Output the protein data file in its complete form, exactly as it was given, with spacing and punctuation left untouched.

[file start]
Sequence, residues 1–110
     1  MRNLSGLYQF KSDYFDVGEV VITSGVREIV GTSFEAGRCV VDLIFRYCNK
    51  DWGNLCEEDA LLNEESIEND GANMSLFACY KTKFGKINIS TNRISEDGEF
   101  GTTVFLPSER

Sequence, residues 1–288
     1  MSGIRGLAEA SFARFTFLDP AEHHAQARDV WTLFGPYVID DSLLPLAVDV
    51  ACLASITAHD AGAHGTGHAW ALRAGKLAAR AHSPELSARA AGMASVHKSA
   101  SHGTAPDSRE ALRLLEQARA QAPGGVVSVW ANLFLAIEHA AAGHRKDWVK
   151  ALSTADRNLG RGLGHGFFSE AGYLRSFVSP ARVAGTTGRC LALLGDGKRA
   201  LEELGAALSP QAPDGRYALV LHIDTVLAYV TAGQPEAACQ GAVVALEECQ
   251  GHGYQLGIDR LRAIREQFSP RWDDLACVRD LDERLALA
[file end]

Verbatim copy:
Sequence, residues 1–110
     1  MRNLSGLYQF KSDYFDVGEV VITSGVREIV GTSFEAGRCV VDLIFRYCNK
    51  DWGNLCEEDA LLNEESIEND GANMSLFACY KTKFGKINIS TNRISEDGEF
   101  GTTVFLPSER

Sequence, residues 1–288
     1  MSGIRGLAEA SFARFTFLDP AEHHAQARDV WTLFGPYVID DSLLPLAVDV
    51  ACLASITAHD AGAHGTGHAW ALRAGKLAAR AHSPELSARA AGMASVHKSA
   101  SHGTAPDSRE ALRLLEQARA QAPGGVVSVW ANLFLAIEHA AAGHRKDWVK
   151  ALSTADRNLG RGLGHGFFSE AGYLRSFVSP ARVAGTTGRC LALLGDGKRA
   201  LEELGAALSP QAPDGRYALV LHIDTVLAYV TAGQPEAACQ GAVVALEECQ
   251  GHGYQLGIDR LRAIREQFSP RWDDLACVRD LDERLALA